If you could choose between immortality and the afterlife, which would you choose?

    I called it the “Ultimate Gamble”. This is because, if one chooses immortality, then they will be unable to die. It would lock one into a permanent existence in a body. If one chooses the afterlife, then they will die. But there is a problem with dying. We have no actual information about the afterlife. We don’t know if it’s real. So, if one picks immortality, then they would be unable to experience the afterlife, assuming it exists. One would have to choose between guaranteed life (immortality) and guarantees according to religion (afterlife). It’s an unrealistic decision, but would be the toughest decision I can imagine. It would be easy for me, since I’m not religious. But most people are religious.



    My thoughts often drift into the realm of science. I wonder where our universe came from and if there can be a smallest thing. According to science, our universe exploded and created space. There was no explosion in space, since space was created by the explosion. So I wonder if the universe ever had a smallest size, a starting point. Or perhaps it has always been expanding? If the universe never had a smallest size, then that neatly eliminates what happened “before”, since there was no before (in that case). Some religious people have it very easy; they merely say God created the universe and they are satisfied. In order for me to think that way, I would first have to understand where God came from (if He exists). I stated some religious people because some religions, like Buddhism, don’t have God. That doesn’t mean I’m Buddhist or Hindu; reincarnation and nirvana have no supporting evidence. In fact, there is no evidence of any kind suggesting an afterlife exists. Death, to me, is much like the period of time before birth. An interesting question I propose is this:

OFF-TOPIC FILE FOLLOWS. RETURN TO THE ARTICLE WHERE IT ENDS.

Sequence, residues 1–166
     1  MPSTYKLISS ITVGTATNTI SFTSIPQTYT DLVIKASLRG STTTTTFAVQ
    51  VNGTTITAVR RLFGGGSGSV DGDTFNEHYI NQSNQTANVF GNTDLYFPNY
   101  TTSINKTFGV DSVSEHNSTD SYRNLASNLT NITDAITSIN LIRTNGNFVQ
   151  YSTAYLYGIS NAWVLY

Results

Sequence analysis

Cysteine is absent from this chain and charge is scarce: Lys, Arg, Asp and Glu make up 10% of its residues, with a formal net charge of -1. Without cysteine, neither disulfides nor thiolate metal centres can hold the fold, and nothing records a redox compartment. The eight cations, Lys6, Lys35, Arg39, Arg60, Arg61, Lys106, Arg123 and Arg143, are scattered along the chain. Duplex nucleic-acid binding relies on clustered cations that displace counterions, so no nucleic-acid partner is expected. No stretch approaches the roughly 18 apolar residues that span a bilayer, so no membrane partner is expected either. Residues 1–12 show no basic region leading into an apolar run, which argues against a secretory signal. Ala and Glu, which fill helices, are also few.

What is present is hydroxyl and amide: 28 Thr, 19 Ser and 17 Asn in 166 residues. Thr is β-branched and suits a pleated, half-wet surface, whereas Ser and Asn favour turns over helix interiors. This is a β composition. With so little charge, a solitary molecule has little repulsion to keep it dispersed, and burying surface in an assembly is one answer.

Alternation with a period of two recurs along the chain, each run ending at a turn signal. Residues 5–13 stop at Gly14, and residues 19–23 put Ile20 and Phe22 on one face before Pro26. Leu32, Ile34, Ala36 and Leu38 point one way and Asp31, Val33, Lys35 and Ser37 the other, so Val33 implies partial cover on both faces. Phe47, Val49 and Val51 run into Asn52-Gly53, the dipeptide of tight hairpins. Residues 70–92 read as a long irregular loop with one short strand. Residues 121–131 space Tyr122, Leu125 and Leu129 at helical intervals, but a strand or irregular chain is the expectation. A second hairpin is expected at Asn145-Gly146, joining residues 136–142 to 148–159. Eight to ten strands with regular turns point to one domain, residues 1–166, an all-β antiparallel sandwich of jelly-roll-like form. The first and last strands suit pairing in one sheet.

Is the period of time before birth longer than the period of time after death? In other words, which interval of nonexistence is longer?
    Imagine for a moment that, somehow, each interval is infinitely long. This means there was an infinite amount of time before your birth and there will be an infinite amount of time after your death. If that is valid, then we have all already been dead. There will be no surprise - we’ve already been there. One could almost argue that life is an interruption, it’s so damned brief.

    (I wrote the above sometime in 2005.)

    FOLLOW-UP to Interruption

    I was thinking that life could be interpreted as a point on a number line. Compared to the amount of time that exists, a human life would be a mere pinprick. The amount of numbers that exist is infinite. No matter where one decides to put their life on a number line, there would be an infinite stretch in both directions. This implies that one’s life is just a slight disturbance; hardly worth noticing.


Wednesday, July 20, 2011

Complete Listing of Science Fiction Books I Have Read

     This blog post is for keeping track of the science fiction books I have read from age 14 to present.

     Last Update = 1-2-2016